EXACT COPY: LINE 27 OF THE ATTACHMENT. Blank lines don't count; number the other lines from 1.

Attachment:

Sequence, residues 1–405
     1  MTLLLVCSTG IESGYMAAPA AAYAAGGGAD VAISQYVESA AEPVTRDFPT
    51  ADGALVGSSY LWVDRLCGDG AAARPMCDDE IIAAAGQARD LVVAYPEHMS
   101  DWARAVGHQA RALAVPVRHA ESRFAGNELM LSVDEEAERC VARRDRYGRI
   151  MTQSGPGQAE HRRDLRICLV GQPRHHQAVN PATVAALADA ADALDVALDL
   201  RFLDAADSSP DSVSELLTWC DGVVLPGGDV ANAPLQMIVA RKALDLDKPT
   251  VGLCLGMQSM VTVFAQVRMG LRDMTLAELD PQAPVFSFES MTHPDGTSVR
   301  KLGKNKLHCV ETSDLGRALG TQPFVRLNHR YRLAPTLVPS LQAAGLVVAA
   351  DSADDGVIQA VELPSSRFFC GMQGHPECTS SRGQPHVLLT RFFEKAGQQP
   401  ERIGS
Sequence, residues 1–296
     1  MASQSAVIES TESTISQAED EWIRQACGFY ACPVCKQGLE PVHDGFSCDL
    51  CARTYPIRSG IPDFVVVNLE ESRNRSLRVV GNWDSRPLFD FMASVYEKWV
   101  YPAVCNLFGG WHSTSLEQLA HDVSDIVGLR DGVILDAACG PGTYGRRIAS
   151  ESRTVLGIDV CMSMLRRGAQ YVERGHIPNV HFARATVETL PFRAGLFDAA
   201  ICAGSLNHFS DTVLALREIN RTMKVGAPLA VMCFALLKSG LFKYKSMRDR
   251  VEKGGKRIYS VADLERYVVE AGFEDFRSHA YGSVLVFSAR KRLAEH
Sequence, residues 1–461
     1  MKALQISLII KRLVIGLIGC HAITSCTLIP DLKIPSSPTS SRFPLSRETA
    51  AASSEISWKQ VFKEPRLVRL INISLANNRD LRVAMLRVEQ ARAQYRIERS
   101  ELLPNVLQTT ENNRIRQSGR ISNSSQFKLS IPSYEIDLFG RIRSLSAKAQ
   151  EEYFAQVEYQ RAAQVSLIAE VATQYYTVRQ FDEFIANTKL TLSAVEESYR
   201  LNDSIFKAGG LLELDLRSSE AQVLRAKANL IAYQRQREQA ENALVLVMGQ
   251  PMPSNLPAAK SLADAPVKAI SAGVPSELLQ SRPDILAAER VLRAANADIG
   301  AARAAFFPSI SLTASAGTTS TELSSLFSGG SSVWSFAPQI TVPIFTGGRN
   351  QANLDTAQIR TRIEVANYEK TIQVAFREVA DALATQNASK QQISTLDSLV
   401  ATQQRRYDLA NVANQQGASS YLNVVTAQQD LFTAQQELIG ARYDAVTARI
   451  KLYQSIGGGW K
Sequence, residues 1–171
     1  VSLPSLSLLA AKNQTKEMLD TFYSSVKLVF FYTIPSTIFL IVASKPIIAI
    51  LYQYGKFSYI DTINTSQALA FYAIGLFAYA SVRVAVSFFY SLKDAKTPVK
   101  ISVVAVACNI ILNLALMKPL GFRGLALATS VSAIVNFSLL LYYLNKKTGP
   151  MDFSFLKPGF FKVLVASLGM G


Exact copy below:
   401  ATQQRRYDLA NVANQQGASS YLNVVTAQQD LFTAQQELIG ARYDAVTARI